The prequel tutorial provides essential background for ISART participants who are not familiar with the FCC Enforcement Bureau’s criteria and process for both civil and criminal spectrum interference investigations and enforcement actions.
Moderator: Rebecca Dorch, NTIA/ITS.D, Boulder Labs
Margaret Egler – former FCC Enforcement Bureau Western Region Counsel
Greg Hermes – FCC Enforcement Bureau, Equipment Development Group Director
Jim Higgins – NASA, Spectrum Management Engineer, former FCC EB Northeast Deputy Regional Director
This panel will explore the implications of technological developments on spectrum policy as they relate to the forensic analysis of radio interference. As telecommunications systems increase in complexity and quantity, and intentional misuse of spectrum is democratized through ready access to inexpensive software defined radios and comprehensive code repositories, the future frequency, severity, and consequence of interference is of increasing concern. This panel will consider commercial wireless industry approaches and existing FCC and NTIA frameworks for identification and mitigation of harmful interference through both legal and technical channels. Considering past experiences with the Internet, future looking perspectives on the intentional criminal misuse of spectrum will also be considered. As exemplified in other regulatory frameworks, spectrum forensics will require the development of new disciplines to collect and interpret spectrum related artifacts to pinpoint sources of interference, initiate corrective action and, in some cases, prosecute offenders.
Moderator: Eric Nelson, NTIA/ITS.M, Boulder Labs
Greg Shannon - OSTP
Julius Knapp – FCC Office of Engineering and Technology Chief
Paul Anuszkiewicz - CTIA VP of Spectrum Planning
Wayne Phoel – DARPA
Peter Tenhula – NTIA/OSM
There are economic and technical constraints that limit the scope of data available for spectrum forensics. Good architectural design can maximize limited resources and provide novel processes for data acquisition, integration, management, and use. The Spectrum Monitoring panel will be comprised of spectrum data architects and users. They will discuss, evaluate, and weigh ideas for a national infrastructure that (1) supports data aggregation from diverse sources and (2) establishes a logical separation between infrastructure and information, in order to promote specialization and economies of scale in areas such as sensor design, data visualization, and information extraction. The panel will start with a strawman spectrum monitoring architecture. It will evaluate ideas, options, and recommendations for design requirements, business models, and next steps.
Moderator: Ken Baker, NTIA/ITS.T, Boulder Labs
Roger Hislop - Internet Solutions, South Africa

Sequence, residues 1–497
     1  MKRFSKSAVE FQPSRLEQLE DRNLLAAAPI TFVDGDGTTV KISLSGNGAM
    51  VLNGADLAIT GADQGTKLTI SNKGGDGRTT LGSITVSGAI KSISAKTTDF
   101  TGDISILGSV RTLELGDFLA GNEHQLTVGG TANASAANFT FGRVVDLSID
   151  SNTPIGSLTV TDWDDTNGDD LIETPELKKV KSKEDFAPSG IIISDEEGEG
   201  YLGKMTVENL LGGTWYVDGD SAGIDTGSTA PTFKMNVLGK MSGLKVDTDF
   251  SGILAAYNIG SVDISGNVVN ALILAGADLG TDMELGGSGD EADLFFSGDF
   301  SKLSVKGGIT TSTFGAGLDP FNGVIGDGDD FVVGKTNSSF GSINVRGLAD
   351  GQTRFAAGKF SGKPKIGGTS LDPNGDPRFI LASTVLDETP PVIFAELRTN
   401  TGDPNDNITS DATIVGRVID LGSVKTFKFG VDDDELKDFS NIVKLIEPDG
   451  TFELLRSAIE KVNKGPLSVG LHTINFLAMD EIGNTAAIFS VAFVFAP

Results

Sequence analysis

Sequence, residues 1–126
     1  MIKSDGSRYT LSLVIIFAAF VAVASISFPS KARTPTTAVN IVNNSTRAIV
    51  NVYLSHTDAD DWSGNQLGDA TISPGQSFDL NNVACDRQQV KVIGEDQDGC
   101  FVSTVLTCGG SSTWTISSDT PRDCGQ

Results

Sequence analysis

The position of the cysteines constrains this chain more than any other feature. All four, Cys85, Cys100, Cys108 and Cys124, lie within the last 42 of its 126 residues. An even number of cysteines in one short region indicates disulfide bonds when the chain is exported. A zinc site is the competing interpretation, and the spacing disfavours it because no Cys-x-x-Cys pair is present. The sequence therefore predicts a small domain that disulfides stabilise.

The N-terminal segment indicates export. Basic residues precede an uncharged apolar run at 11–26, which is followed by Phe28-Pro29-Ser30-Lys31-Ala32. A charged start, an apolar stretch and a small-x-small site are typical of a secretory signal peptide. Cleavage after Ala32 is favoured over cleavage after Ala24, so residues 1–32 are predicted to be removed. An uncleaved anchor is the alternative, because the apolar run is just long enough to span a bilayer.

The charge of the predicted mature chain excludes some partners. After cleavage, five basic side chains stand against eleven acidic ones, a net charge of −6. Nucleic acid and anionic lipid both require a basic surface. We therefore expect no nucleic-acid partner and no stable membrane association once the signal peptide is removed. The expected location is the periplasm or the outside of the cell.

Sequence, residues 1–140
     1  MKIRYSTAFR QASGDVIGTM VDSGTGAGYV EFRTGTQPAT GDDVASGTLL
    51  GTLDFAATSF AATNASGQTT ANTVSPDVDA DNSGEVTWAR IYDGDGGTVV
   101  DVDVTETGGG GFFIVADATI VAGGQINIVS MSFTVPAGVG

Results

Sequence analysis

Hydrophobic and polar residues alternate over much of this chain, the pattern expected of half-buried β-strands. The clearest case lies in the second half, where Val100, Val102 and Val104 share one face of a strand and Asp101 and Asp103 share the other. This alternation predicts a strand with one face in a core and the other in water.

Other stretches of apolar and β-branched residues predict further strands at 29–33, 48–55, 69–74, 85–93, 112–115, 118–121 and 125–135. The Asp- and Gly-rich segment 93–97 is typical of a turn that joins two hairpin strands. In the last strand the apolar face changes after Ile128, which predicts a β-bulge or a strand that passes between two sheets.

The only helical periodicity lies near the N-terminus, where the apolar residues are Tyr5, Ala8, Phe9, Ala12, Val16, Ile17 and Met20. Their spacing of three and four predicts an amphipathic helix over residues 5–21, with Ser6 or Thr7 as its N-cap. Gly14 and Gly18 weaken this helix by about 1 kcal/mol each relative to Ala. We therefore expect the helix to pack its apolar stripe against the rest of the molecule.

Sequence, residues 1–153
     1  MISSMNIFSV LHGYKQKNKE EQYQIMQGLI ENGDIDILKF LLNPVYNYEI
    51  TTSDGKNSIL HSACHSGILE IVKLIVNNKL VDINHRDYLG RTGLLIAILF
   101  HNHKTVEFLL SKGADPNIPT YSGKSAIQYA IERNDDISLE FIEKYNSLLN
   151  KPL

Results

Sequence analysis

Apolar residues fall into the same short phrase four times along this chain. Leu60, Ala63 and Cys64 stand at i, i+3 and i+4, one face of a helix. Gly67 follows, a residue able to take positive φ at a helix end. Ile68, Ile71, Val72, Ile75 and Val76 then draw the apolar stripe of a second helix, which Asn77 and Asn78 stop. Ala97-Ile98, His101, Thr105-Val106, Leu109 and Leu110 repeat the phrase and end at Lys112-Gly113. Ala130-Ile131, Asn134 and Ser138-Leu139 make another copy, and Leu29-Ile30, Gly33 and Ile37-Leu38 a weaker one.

Jesse Caulfield - Key Bridge, President
Dennis Roberson – Roberson and Associates
Steven Gripppando – NOAA
John Chapin - Carnegie Mellon University
Mathieu Gemme – CRC
Mike Cotton – ITS
The technical enablers of spectrum forensics span monitoring instrumentation, computational resources, and standards for recording spectrum measurements. Monitoring instrumentation includes not only the downconverters, digitizers, and signal analyzers capable of analyzing the wide bandwidths of current and future wireless broadband systems, but also antenna arrays and related technologies for direction finding and localization of emitters. In addition, storage architectures will be needed to record vast amounts of data and make them readily available for subsequent analysis. Computational resources will be needed to detect anomalous spectrum behavior in real time as well as to analyze captured data off-line. Finally, standard formats for signal waveforms and associated metadata would bring the benefits of open architectures to future spectrum forensics solutions. This panel will report on the state-of-the-art in the technologies and standards that make spectrum forensics possible and identify gaps where future development and standardization are needed.
Moderator: Michael Souryal, NIST/CTL
Paul Denisowski – Rohde & Schwarz
Robert Normoyle – JHU/APL, VITA-49.0
Nebu John Mathai – Cognitive System Corp.
Apurva Mody – BAE Systems, IEEE 802.22
Pablo Tacconi – MAXSiA
This panel will focus on the mathematical techniques for analyzing captured signal data, with an emphasis on machine learning, data mining and artificial intelligence techniques. Classical pattern recognition and other statistically-based methods may also be included. The limitations and potential pitfalls of each technique will be considered along with the advantages and capabilities. Related to this topic is the question of what type and quantity of data need to be captured and retained in order to use each technique. Time and frequency resolution and appropriate quantization are examples of this. The panel will not only discuss current research results but will help identify specific topics and techniques where future research is still needed.
Moderator: Tim Hall, NIST/CTL
Tim O’Shea – Virginia Tech
Tom Rondeau – DARPA
Al Gasiewski – Science Band, University of Colorado
Mitch Kokar – Northeastern University
Dirk Grunwald – University of Colorado